The Essential SEO Dictionary for Dentists
Like all niche fields of expertise, Search Engine Optimization (SEO) has its own vocabulary – which makes it impossible for the uninitiated to effectively navigate SEO. It’s especially difficult in the SEO because everything gets minimized into acronyms. So it’s doubly confusing.
If you don’t understand basic SEO acronyms and the underlying terms, you’ll never understand how to improve your ranking.
Before I reveal and define the most commonly used terms in SEO, you should know why optimizing your website for search engines is essential to your practice in the first place.
Why SEO Matters
While SEO has changed quite a bit over the past 10 years, one thing has stayed relatively constant and important above all else.
The entire point of SEO is to “optimize” your site to ensure it has the best possible search engine ranking. In the world of search engines, that means one thing: showing up on the first page of results.
Most people never click over to the 2nd, let alone 3rd or 4th pages. Why would they, when Google gives them five to ten compelling options on the first page?
In search, if you’re not on the first page, you might as well not exist.
To be clear, optimizing your practice’s web presence IS THE ONLY WAY to get first-page billing.
And even if you’re not actively seeking new patients, you should care about having a good ranking.
That’s because your practice’s current patients frequently look for your practice with an online search.
You probably know from personal experience that web users search for products, businesses and web pages they’re already familiar with. In many cases, a search engine gives you more specific, useful information than the actual website of the business you’re looking for.
A Google search shows you right there, in the search window, all of the information you need: address, directions, phone number, reviews…
So putting your site on page one should be a priority because it makes it easier for your most important patients to easily find you.
Who knows, maybe if they can’t find your practice, they’ll switch to a dentist who does have first page results?
Before you can do anything to improve your ranking, you have to understand some basic industry terms so you’ll know with certainty what to do.
I’ve compiled nine of the most important terms you need to understand before you can help move your site up in the ranks.
ProSites SEO Dictionary for Dentists
(I’ve put these terms in non-alphabetical linear order so you can understand them without having to skip back and forth.)
Google Algorithm: A very detailed and ever-changing set of rules and tests that search engines use to validate and verify how well optimized a site is for search. Sites with lots of click bait, bad links, duplicate content, irrelevant content or obvious black-hat techniques will not pass the algorithm’s tests. Algorithms really serve as stand-ins for the human user – to try to figure out what users want so the search engine can display the most relevant and authentic search results.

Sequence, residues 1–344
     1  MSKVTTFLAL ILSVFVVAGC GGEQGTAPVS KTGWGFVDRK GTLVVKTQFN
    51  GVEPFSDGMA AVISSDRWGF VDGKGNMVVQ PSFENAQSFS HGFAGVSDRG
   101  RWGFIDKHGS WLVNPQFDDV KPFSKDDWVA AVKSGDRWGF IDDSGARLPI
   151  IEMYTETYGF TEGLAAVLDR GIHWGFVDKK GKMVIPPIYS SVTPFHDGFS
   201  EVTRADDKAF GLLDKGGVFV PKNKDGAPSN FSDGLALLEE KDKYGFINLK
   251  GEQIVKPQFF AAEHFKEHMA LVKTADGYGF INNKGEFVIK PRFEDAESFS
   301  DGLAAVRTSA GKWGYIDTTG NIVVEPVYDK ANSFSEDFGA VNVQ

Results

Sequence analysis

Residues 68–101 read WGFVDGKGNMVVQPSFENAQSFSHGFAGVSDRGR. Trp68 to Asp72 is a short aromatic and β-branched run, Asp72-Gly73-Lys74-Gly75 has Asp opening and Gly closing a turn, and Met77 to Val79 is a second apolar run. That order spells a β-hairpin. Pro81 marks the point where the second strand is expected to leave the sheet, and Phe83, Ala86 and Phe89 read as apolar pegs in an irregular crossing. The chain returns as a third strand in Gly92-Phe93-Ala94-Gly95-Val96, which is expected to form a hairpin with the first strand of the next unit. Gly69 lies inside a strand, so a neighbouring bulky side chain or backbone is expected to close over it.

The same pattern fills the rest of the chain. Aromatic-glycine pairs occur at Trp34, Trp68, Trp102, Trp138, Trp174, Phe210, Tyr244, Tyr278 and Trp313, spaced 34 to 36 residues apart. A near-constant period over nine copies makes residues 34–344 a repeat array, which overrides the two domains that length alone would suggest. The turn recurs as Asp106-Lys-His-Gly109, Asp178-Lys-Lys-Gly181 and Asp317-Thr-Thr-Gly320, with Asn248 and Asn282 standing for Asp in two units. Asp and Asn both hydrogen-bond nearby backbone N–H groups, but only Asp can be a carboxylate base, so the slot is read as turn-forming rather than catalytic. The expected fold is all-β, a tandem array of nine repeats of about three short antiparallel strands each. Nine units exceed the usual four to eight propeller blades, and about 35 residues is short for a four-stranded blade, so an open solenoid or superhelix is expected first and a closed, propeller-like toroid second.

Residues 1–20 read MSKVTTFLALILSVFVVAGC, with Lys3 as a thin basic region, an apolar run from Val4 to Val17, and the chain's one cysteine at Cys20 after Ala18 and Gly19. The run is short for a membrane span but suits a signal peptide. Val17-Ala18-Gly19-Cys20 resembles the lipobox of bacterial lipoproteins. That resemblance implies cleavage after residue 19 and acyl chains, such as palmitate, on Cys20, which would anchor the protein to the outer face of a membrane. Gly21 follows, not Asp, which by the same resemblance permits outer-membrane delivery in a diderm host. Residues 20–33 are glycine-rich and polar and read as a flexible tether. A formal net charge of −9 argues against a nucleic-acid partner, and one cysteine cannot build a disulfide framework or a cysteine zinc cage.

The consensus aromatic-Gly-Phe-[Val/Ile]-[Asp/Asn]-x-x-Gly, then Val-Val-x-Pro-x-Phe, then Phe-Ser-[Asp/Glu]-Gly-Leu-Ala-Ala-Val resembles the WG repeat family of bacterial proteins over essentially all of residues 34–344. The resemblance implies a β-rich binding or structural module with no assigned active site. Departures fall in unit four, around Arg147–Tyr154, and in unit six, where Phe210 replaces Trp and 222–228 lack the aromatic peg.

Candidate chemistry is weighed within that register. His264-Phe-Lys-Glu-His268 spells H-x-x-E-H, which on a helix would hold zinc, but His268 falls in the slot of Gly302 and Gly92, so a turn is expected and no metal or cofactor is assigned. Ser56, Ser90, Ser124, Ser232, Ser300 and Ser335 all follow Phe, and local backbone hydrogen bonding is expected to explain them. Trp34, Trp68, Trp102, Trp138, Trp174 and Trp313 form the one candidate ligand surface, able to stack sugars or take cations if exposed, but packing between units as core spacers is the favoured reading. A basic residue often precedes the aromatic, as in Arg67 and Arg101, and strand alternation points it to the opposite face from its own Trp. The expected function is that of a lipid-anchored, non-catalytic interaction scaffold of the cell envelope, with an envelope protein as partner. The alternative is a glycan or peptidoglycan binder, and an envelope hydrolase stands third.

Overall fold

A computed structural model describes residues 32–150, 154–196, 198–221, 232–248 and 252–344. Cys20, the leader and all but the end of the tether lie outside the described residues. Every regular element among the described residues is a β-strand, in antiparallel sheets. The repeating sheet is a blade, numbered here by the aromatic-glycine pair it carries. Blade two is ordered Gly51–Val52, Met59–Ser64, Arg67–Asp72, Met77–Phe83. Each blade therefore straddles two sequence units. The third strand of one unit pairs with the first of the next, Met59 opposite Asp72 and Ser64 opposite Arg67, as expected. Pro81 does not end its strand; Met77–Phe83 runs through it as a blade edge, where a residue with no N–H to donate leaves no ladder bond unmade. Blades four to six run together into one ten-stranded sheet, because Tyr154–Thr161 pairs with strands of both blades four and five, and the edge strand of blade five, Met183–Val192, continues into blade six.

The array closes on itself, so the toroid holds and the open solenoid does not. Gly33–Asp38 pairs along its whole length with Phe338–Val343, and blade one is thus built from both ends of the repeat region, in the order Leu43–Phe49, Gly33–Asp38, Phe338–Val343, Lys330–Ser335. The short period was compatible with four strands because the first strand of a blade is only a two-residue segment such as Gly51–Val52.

White Hat/Black Hat: Just like in old cowboy movies, white hat SEO techniques are the good, proper SEO techniques that make a site well-suited to users who are likely to search for it. Conversely, black hat uses all kinds of tricks to fool the algorithm into giving a site a better ranking than it should. Google and other search engines are constantly finding ways to punish black hat techniques, so web masters who think they’ve “won” the SEO game with black hat do so at their own risk. Black hat techniques don’t last, and they’re a terrible way to try to build an online reputation for a dental practice.
Organic Listings: Having a site that matches well with search terms isn’t enough: the site also has to “test” well with search engine algorithms, which look at a variety of factors to determine how good a site will be as a legitimate search result. Sites with good organic reach satisfy a variety of “reputation” metrics that algorithms look into, like linking between other reputable sites, social media presence, the overall content of the site, advertising, and original content.
Search Engine Results Page (SERP): What sites show up in a search engine when a user searches for specific terms. Search engines use somewhat complicated methods for displaying the results, but they mainly focus on matching specific search terms with sites that have good organic reach, or good paid reach.
Local Listings (7-Pack): Search engines display between 4-10 local businesses that best fit the search terms. The 7-pack shows the top closest, best ranked businesses that match.
Bounce Rate: The percentage of people who click on your site only to immediately hit the “back” button to return to the search engine. It’s an action that tells the search engine your site was not what they were looking for. If your site has a high bounce-rate, it will hurt its page rank. Part of SEO is figuring out why your page causes bounces, and how to fix it so it doesn’t happen as often.
Keywords: Keywords are the individual words that make up a user’s search query. When the same keywords or keyword phrases are used in the content of your website as the search query, search engine algorithms may potentially rank your site well for the given query.
Crawlers/Robots: Simple programs that surf web pages, make copies and bring them back to search engines to be analyzed and indexed by the algorithms.
Impressions: How many users see a page or ad – not the same as a click. It’s important because it’s the most commonly used technique for measuring and accounting for web advertising.
This list is just a small look into the world of SEO. Click here to download a free dictionary of SEO terms.